The real reason North Korean dictator Kim Jong-un has disappeared for the last three weeks is more related to politics than to his ailing health, claims Duowei News, a US-based Chinese political news website.
The 31-year-old Kim has not appeared in public for more than 20 days and missed a parliamentary session for the first time since becoming North Korea’s supreme leader nearly three years ago.
While North Korea’s state media later admitted that Kim has been “suffering discomfort,” Duowei claims that the real reason Kim has not been seen since Sept. 3 is because of dire instability in his regime. Citing rumors circulating in North Korea’s political circles, Duowei suggests that Kim may have already been placed under house arrest by Hwang, who forced Kim elevate him to second-in-command as part of his plan to eventually usurp Kim’s throne. Continue reading
Truthfully, this doesn’t necessarily mark a “true return”. This is nothing short of evidence of a continued practice of Maoism. The CCP’s long-range strategy hasn’t changed one bit since Mao’s departure. With the U.S. in suicidal decline, China can more often openly display its true intentions. This is only but a new chapter in the evolution of Maoism through the employment of Sun Tzu strategy — something still very relevant in China today.
Last week finally saw the epilogue of the eventful Bo Xilai affair. The former high-ranking official of the single-party state, both a member of the Chinese Community Party (CCP) Politburo and the most powerful figure of the Chongqing municipality, was sentenced to life imprisonment by a court in the Shandong province. But this legal and political saga is far from being over, as there are other similar cases that have yet to play out.
It was no coincidence that Bo Xilai’s trial took place in a different province than the one where his clans and networks were based. He operated in the Sichuan province, where he tried to sideline rivals under the cover of a vast anti-corruption campaign, and also in the Shanxi province, where he was born and inherited the network of connections built by his father, the revolutionary and former top party official Bo Yibo. Only in this way can the justice system of a single-party state overcome clan networks. Continue reading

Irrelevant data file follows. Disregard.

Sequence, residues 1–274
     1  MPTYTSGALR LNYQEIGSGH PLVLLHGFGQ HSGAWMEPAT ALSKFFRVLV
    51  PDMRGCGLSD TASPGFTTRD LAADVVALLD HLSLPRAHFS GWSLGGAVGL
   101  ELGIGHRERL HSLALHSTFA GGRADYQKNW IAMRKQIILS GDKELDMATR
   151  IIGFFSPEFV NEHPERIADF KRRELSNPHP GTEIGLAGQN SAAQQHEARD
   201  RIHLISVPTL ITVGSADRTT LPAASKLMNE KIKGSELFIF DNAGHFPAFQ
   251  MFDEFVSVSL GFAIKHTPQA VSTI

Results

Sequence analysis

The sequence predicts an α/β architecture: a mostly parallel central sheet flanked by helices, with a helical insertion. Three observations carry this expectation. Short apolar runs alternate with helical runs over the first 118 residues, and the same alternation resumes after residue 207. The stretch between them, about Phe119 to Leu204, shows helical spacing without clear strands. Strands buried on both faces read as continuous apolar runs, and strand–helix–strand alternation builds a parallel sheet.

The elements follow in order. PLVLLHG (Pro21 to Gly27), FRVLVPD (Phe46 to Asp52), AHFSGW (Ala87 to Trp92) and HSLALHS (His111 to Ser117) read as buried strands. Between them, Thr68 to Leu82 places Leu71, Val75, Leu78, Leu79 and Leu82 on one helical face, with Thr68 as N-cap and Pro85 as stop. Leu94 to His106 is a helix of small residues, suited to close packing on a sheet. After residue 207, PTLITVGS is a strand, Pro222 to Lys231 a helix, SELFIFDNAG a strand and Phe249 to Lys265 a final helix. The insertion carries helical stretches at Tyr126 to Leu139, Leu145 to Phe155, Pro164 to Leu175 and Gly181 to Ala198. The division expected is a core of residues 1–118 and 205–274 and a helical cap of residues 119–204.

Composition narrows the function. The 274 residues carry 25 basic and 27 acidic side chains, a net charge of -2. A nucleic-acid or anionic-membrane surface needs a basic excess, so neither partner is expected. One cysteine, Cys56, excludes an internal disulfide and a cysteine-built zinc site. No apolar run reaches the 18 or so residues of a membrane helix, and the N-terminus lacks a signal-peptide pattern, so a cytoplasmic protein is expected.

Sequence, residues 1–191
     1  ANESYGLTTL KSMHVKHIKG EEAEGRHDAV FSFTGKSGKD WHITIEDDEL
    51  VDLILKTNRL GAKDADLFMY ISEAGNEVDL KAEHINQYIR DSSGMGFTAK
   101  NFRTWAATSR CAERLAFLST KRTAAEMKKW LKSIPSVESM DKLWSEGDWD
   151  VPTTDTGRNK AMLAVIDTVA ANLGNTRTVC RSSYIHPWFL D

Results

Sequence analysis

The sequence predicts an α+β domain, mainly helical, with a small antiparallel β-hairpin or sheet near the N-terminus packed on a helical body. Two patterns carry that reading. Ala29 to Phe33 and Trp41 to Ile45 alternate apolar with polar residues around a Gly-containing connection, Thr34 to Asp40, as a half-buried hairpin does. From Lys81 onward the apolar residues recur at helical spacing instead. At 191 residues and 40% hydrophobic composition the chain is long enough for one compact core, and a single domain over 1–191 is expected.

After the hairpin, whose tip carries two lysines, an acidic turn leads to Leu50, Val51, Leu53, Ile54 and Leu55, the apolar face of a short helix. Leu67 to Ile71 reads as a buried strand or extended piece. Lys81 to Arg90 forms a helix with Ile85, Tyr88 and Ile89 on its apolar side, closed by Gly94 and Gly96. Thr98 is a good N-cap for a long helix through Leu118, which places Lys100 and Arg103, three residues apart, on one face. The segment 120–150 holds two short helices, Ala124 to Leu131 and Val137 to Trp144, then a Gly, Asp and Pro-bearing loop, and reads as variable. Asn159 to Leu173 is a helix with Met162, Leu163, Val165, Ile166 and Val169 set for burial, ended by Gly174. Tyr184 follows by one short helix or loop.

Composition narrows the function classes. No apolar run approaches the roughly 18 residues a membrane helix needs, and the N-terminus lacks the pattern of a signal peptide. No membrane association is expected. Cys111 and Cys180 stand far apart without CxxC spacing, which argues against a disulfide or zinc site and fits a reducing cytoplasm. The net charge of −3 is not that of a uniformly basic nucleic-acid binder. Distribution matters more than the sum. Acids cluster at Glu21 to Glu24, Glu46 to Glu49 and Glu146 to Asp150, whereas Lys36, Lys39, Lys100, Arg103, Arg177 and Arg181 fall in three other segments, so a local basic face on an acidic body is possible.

Because people still refuse to reflect back on the historical past, one nation just might be doomed to repeat it. A likely target of the CCP in a hot war is Taiwan. Perhaps even border skirmishes and/or enormous protests would also suffice to drum up public support. The only thing that stands in their way is Democracy and the CCP knows China cannot survive with their form of oppressive government forever, therefore a distraction or scapegoat is necessary.
One of the biggest foreign and national security questions regarding the new Chinese Communist Party leadership is whether newly anointed General Secretary and Chairman of the Central Military Commission Xi Jinping will sponsor a foreign “adventure” to consolidate his relatively weak power base.
Historical parallels are not lacking. Continue reading
New propaganda czar Liu Yunshan, now a member of the Standing Committee, greets the press on Nov. 15 in Beijing. (Feng Li/Getty Images)
Liu Yunshan was born in Xinzhou City, Shanxi Province in 1947. His parents were Chinese Communist Party (CCP) cadres in Inner Mongolia. His father was a subordinate of Bo Yibo, the father to disgraced official Bo Xilai. After graduating from Jining Normal School in the province, he worked as a teacher, a clerk at the propaganda department, and a reporter for the Inner Mongolia Bureau of the state mouthpiece Xinhua. Between July 1982 and February 1984, Liu Yunshan served as deputy secretary of Communist Youth League in Inner Mongolia, while Hu Jintao was the secretary of the Secretariat of the Communist Youth League Central Committee. Therefore, Liu has been classified as belonging to Hu’s Youth League Faction. Continue reading
With the 18th Party Congress rapidly approaching, the reshuffling of power within the Chinese Communist Party (CCP) has entered a critical phase. In the July 2012 Beidaihe Meeting, top Party leaders are expected to decide on the regime’s new leaders.
An announcement on who will lead the CCP for the next 10 years, however, will not be made until October or November, following the secretive tradition of power handovers in the regime.
Another well-informed source told New Epoch Weekly that Hu’s original plan for the 18th Politburo Standing Committee (PSC) included Vice Premier Li Keqiang, Organization Department Chief Li Yuanchao, Chief of the General Office of the Central Committee Ling Jihua, and Party Secretary of Hunan Zhou Qiang, who are all key members of the Communist Youth League faction led by Hu.